Wrong for hunters to fire near children
What in the world is going on?
It's sick enough that it is legal in my own Howard County to slaughter the innocent, peaceful and beautiful gifts of God - the deer, which were here long before the vast majority of the population that has strangled this county, devastating and destroying land, clogging roads and overcrowding schools.
But now we have daytime hunters opening fire at 1:30 p.m. within the shooting range of a day care center ("Hunting-zone review likely," Dec. 12).
I certainly hope that I'm not the only one who sees something terribly wrong with the idea that the hunters are in compliance with the law because they were beyond the 150-yard minimum hunting buffer distance.
I wonder how the hunters would feel had it been their children running for cover, fleeing gunfire in an area that is supposed to be safe.
Elizabeth A. Mason, Ellicott City
Hate crimes laws still controversial
Not surprisingly, all of the critics of Ron Smith's column "The truth about 'hate crimes' and the racial justice racket" (Commentary, Dec. 3) ignored his main point: that the Southern Poverty Law Center rakes in millions in donations from people it frightens by telling them, in essence, that there is a guy in a KKK hood behind every tree in America ("Readers speak out on Ron Smith's take on race and justice," Dec. 5).
And the arguments they do make against Mr. Smith are lame.
Mark Potok of the SPLC, for example, claims that Mr. Smith is wrong to assume that the October murder of an interracial couple in California by four black men was a hate crime because, he says, the police say that the motive was robbery. Since when do civil rights lawyers like Mr. Potok believe that everything the cops say is the gospel truth?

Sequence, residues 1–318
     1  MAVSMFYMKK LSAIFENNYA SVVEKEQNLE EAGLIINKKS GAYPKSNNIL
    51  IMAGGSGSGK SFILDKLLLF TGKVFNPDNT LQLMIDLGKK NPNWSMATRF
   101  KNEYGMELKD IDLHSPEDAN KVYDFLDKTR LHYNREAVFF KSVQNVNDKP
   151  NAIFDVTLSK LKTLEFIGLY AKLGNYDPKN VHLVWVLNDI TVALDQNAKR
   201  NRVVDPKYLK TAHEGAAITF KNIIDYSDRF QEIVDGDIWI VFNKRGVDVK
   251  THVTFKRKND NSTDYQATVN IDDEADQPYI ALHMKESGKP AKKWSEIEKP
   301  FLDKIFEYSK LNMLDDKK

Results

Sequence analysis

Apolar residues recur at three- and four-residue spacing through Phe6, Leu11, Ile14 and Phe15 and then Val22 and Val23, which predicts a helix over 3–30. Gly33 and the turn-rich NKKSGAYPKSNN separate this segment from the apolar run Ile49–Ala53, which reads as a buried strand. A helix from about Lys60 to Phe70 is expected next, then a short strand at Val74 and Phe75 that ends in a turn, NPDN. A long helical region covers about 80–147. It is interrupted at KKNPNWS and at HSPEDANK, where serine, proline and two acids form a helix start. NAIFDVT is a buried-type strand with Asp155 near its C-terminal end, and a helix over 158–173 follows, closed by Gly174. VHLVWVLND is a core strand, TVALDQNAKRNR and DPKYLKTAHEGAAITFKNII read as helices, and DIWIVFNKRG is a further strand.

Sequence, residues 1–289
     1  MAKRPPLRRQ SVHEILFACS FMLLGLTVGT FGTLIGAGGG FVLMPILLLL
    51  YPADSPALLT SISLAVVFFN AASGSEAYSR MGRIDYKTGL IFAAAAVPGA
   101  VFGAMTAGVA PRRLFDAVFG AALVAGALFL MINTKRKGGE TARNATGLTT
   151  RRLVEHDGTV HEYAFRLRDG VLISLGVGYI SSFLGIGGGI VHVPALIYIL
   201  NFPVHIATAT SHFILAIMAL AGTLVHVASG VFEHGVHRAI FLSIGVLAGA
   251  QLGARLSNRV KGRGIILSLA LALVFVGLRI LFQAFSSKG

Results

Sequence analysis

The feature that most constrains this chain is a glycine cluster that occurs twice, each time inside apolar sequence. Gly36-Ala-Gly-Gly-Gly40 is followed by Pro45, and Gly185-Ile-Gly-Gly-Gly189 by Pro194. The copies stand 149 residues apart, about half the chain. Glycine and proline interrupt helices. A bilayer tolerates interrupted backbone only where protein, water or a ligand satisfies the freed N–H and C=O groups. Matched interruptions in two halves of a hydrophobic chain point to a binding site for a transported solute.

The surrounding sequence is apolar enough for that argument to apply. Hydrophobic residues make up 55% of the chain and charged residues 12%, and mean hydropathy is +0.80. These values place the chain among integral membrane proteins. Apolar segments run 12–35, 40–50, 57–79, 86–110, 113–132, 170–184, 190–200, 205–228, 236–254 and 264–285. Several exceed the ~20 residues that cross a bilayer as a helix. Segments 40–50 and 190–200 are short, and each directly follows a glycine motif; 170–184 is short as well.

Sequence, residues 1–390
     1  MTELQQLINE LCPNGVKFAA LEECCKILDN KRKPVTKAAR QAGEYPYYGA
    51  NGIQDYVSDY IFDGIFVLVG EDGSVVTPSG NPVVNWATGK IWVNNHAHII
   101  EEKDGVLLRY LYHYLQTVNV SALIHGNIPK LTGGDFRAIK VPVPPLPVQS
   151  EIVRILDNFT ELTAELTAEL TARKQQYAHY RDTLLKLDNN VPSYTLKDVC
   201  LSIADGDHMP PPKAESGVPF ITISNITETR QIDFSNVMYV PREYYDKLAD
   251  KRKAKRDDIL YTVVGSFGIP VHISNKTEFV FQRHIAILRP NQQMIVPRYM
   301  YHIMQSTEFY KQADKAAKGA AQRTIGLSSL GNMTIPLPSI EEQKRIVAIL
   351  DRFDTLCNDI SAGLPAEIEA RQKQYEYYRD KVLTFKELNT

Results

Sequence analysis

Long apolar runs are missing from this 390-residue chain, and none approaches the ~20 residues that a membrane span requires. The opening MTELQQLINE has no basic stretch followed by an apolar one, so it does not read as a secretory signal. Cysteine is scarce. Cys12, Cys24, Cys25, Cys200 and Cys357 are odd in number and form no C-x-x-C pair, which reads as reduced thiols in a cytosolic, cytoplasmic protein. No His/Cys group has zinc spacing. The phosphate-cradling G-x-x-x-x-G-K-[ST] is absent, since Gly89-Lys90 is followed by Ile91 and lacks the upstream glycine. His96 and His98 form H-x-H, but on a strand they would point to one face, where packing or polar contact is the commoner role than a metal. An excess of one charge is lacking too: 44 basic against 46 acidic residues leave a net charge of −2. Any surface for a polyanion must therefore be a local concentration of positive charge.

Mr. Potok and Del. Sandy I. "Sandy" Rosenberg argue that Mr. Smith is off base when he says that hate crime legislation is a "questionable legal construct" because the Supreme Court has "ratified" it. So what? Legal scholars have been arguing for generations that many Supreme Court decisions, from Roe v. Wade to Brown v. Board of Education, were dubious legal constructs or were a matter of judges legislating from the bench.
Another writer boasts of the SPLC's "educational" efforts in schools. But the organization is also known for its ridiculous misinformation and propaganda campaigns. Don't the schools have enough problems without such idiocy being propagated there?
Thomas DiLorenzo, Baltimore
The writer is a professor of economics at Loyola College in Maryland.
Awaiting the return of Baltimore Opera
It is such a sad turn of events that the Baltimore Opera Company has had to declare bankruptcy in these perilous economic times ("Baltimore Opera seeks Chapter 11 shelter," Dec. 9). We have been season ticket holders for very many years, and we are grieving.
It seems that the very floorboards of the Lyric Opera House stage must be crying out, mourning that perhaps Aida has wept for her homeland, or Cio-Cio San has waited in happy anticipation for the return of her faithless lover, or Carmen has seduced her toreador, or countless other heroes and heroines may have sung their hearts out for the last time on that stage.
And so we wait with guarded anticipation for the hoped-for reorganization that will bring us again evenings to dress up and join with others who love opera as much as we do in such elegant surroundings; to lose ourselves in glorious music for a few hours; and to rise and applaud and shout our "bravos" to the singers who so enrapture us.
Long may opera live in Baltimore.
Barbara Woodey, Timonium